This Is 40
Based on Judd Apatow’s recent projects (well, Girls mostly) and the frankness of this trailer, it seems like This Is 40 is going to take a real-life view of marriage that will draw its comedy from real-life discomfort. Having never been married, I can’t say for sure is this trailer is offering an accurate depiction of marriage. I certainly hope it is though, because it will be a weird film otherwise. Even though this is a pseudo-sequel to Knocked Up, it doesn’t appear have the same comedic sensibility. This trailer leans heavily towards dramedy, it looks more like it will be a good movie than it will be a good comedy. This may be because of a concerted effort from Apatow to move away from the kind of movies that he hung his hat on for so many years. What other explanation could there be for Paul Rudd’s outright repudiation of Chris O’Dowd’s bachelorific behavior? If that is the direction this film is going, it will be interesting for reasons that have nothing to do with comedy. On top of that, how could Paul’s character possibly not know who Tom Petty is? If he is in fact forty, Petty should be in his wheelhouse.
Zero Dark Thirty
This trailer has the appropriate tone for a film about the hunt for Osama bin Laden. It’s dark, foreboding, and constantly feels like it’s on the edge of breaking down. It also has a fantastic cast (Jessica Chastain, Joel Edgerton, Kyle Chandler, Mark Strong), although they are largely obscured from this trailer. From a technical standpoint, it really works. Do we need to keep making movies about the War on Terror though? They feel divisive at best, and jingoistic at worst. I’m cool with The Newsroom having a triumphant episode about killing Bin Laden, because no one takes The Newsroom seriously. This looks like an awfully serious film though, and I can’t imagine it will be a positive contribution to what we already know about May 1, 2011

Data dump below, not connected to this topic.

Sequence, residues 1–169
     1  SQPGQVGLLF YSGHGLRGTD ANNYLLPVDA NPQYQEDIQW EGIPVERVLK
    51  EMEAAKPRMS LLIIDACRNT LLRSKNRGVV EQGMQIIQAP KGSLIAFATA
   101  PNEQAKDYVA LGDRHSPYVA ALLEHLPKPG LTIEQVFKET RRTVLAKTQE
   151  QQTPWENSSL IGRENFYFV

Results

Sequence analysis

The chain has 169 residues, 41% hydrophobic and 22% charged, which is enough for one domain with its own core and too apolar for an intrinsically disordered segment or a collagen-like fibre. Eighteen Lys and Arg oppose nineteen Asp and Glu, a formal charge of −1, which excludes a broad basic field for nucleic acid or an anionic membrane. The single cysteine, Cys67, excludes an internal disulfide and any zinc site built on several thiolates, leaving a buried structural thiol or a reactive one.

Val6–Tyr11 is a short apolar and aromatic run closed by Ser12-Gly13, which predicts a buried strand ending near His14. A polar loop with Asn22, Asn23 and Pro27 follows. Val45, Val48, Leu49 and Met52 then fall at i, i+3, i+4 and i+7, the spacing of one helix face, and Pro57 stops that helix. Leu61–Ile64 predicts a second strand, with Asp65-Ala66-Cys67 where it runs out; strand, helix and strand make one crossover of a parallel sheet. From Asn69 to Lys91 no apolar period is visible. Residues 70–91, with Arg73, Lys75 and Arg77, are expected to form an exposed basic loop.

This is a disgusting, possibly nausea-inducing trailer. It is a mess, both in terms of content and organization. As if the concept of intentionally acquiring diseases isn’t bad enough, the trailer also ventures into cannibalism, and it appears to depict a character dining on brains. This would not be appealing if it was in service of a story that made sense or tried to make a worthwhile statement about society. Instead, it trots out a tired criticism of celebrity obsession and then draws a connection that simply isn’t there. I would agree that people want to achieve the faux-perfection celebrities convey. That’s not what happens here though. Diseases are in many ways the antithesis of human perfection, so acquiring the same diseases as celebrities obscures any sort of statement to the point that it doesn’t make sense. It’s really just a gross-out film, I can’t imagine I’ll ever watch it.